George Orwell once called book reviewing "a quite exceptionally thankless, irritating and exhausting job" in which the reviewer is "pouring his spirit down the drain, half a pint at a time."
"In much more than nine cases out of ten," Orwell wrote, "the only objectively truthful criticism would be, 'This book is worthless.' "
Orwell's cynicism notwithstanding, writers and would-be writers throughout the country are forever besieging newspaper book review editors for the opportunity to review books.
One of the biggest problems facing book review editors is to choose good reviewers from among all these often inexperienced volunteers--and to persuade good, professional writers to write for them as well.
Which newspaper book review section does the best job of this? Which book review section is consistently the most interesting and enjoyable to read?
The Washington Post's Book World, according to a surprising number of people in publishing.
Esoteric N.Y. Times
"The New York Times (Book Review) is so strong there is no second place in terms of influence," says Peter Israel, president of G. P. Putnam's Sons, "but it's often too esoteric. . . . I enjoy reading the Post (Book World) more. As a consumer, I like the Post best."
Lisa Drew, a senior editor at William Morrow & Co., also prefers the Post's Book World.
"I have more confidence in the Post's reviews," she says. "With the Times, I'm sometimes suspicious . . . that the reviewer has an ax to grind."
With about one-third the space of the New York Times Book Review (and one-fourth the staff), the Post's Book World isn't nearly as complete as (and it doesn't begin to have the impact of) the New York Times, but--review for review--many in publishing say it's better written, better edited, more provocative, more attuned to popular taste and more attractively designed.
Most important of all, many publishing executives say, the Post does an excellent job of matching interesting reviewers with good books.
When fighter pilot/test pilot Chuck Yeager's autobiography was published earlier this year, for example, the Post assigned the review to novelist James Salter, who had also been a fighter pilot and whose first two novels were about flying.
Salter's review was published on the front page of the Post's Book World--where the Post has also published reviews of recent novels by James Michener, Stephen King and Kurt Vonnegut, as well as books on the making of the movie "Heaven's Gate," a recent biography of Norman Mailer and Betty Rollin's controversial account of her role in her mother's suicide.
None of these books was reviewed on the front page of the New York Times Book Review, which--despite recent changes--is still, in many ways, more a serious, intellectual journal than a popular book review.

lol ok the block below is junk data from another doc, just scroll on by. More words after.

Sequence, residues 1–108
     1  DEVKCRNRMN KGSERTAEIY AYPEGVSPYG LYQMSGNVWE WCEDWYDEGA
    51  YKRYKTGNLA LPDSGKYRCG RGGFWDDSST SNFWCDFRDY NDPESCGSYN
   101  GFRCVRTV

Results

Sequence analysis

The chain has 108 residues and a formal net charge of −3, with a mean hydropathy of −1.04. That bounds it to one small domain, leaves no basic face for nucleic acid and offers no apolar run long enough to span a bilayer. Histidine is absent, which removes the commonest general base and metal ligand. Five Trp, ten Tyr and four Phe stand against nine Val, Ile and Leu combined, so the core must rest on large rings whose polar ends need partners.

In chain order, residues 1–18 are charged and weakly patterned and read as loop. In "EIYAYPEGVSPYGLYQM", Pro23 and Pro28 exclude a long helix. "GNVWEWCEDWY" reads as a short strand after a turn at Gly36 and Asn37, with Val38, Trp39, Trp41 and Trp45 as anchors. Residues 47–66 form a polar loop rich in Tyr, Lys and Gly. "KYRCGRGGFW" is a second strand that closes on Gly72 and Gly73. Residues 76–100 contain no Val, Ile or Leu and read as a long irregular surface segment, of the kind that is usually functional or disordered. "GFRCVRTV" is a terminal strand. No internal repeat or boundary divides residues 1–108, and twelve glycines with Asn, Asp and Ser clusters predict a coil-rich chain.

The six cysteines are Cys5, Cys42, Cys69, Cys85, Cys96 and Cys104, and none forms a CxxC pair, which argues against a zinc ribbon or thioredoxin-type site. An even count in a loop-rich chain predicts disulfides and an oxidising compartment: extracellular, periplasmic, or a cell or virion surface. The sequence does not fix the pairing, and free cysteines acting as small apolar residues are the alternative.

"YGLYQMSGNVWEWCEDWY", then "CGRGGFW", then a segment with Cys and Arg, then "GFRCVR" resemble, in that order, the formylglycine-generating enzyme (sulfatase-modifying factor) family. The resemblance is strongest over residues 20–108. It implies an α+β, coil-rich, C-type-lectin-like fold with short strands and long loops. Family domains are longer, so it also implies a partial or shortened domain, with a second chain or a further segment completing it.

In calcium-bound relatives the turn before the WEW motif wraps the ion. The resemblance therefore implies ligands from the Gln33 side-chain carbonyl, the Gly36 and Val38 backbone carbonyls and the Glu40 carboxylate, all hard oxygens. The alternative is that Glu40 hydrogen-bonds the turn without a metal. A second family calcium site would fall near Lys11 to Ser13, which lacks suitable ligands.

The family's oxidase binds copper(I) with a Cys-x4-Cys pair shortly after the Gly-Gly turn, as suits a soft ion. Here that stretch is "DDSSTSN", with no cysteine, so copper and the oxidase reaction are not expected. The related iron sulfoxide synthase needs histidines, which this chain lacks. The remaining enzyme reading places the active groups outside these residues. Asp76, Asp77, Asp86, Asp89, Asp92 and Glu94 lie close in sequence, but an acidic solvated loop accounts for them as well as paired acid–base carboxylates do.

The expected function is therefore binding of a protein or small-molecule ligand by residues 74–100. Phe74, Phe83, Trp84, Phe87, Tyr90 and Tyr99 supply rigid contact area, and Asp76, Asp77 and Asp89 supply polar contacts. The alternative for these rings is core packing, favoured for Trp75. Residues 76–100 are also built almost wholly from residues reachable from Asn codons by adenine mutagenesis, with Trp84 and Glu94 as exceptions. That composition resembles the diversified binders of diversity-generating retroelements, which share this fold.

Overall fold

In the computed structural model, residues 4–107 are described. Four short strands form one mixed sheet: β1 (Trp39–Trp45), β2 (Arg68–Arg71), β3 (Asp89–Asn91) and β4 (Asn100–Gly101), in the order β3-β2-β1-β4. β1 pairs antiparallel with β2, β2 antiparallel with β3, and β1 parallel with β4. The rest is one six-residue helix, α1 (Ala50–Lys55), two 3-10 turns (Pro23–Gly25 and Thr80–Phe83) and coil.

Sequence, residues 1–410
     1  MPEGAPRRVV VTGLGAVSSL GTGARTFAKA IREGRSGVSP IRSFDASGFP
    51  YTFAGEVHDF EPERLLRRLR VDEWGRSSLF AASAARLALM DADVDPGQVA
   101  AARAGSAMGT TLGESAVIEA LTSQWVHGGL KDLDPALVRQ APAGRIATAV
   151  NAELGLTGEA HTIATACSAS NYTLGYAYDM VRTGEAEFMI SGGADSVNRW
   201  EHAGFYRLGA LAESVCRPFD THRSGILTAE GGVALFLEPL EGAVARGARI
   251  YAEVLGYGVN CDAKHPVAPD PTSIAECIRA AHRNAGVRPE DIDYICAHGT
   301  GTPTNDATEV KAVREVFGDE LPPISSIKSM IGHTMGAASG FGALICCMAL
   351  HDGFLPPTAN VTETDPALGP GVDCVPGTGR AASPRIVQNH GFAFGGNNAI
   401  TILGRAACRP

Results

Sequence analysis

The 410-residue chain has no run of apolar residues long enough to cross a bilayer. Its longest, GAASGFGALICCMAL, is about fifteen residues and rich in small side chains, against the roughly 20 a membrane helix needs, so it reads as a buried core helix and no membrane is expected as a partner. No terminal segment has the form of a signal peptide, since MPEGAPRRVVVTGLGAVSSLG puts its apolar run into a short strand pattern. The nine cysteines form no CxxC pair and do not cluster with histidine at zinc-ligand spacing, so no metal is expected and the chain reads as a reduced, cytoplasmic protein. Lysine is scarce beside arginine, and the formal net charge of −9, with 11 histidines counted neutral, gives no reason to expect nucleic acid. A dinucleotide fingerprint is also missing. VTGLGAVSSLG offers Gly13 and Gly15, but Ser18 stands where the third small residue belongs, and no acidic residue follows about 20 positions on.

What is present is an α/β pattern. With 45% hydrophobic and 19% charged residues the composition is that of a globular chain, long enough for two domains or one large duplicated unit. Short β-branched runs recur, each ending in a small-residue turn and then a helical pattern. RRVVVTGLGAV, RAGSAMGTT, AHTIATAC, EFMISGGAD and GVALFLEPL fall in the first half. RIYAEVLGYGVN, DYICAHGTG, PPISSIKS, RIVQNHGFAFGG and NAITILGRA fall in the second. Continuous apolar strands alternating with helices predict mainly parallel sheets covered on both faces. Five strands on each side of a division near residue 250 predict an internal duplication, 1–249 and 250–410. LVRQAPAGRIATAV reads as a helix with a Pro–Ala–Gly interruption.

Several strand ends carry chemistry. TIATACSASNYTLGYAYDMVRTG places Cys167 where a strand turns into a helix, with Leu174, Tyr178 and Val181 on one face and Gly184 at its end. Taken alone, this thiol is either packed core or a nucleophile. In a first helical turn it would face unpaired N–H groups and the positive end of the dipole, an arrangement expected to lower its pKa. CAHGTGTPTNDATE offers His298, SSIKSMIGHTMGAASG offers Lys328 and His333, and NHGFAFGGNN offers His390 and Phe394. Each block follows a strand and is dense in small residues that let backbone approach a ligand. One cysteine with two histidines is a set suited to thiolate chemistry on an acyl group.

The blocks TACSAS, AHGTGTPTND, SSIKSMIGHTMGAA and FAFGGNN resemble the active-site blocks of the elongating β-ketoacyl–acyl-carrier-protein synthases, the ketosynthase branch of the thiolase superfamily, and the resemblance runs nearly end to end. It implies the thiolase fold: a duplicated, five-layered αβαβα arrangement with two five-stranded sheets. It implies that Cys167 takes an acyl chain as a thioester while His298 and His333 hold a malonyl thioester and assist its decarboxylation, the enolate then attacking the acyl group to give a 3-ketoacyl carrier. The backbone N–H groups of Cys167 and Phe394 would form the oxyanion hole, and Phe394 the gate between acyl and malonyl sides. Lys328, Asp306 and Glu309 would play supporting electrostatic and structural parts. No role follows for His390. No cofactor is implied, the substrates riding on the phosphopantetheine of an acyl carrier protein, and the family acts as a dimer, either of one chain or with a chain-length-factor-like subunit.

Too often, critics say, the New York Times Book Review is predictable--even boring.
Decided to Do Something
Some critics of the New York Times may take special pleasure in praising the rival Washington Post at the Times' expense, of course, but Brigitte Weeks, the 42-year-old, British-born editor of Book World, is very highly regarded in publishing circles on her own terms, and she and her three assistant editors produce a solid, highly readable section almost every week. (The presence in the section of Jonathan Yardley, who joined the Post after winning a Pulitzer Prize for his book reviews at the Washington Star, also contributes significantly to Book World's reputation.)
Apart from the Washington Post and New York Times, what other newspapers do a good job with books?
"Book reviewing in this country just isn't as good, doesn't have the tradition it does in England," says John Baker, editor of Publishers Weekly. "Too many papers just use local academics, rather than real writers and real experts . . . and that makes the reviews pretty dull, not like the wide-ranging, authoritative, thoughtful . . . well-written reviews you get in the (London) Times Literary Supplement."
John Leonard says that when he began his four-year tenure as editor of the New York Times Book Review in 1971, he decided to do something about the tedious, professorial quality of most book reviews.
"I didn't want the assistant professor of whales to review 'Moby Dick' anymore," he says. "I wanted novelists reviewing fiction for us."
The experiment was not a success.
"The reviews came out about the same way they had with the assistant professors writing them," Leonard says. "One-third of them were dull, like high school book reports; one-third were so understanding, so full of mercy that they had no judgments; one-third were full of spite and envy and a determination to keep the competition down."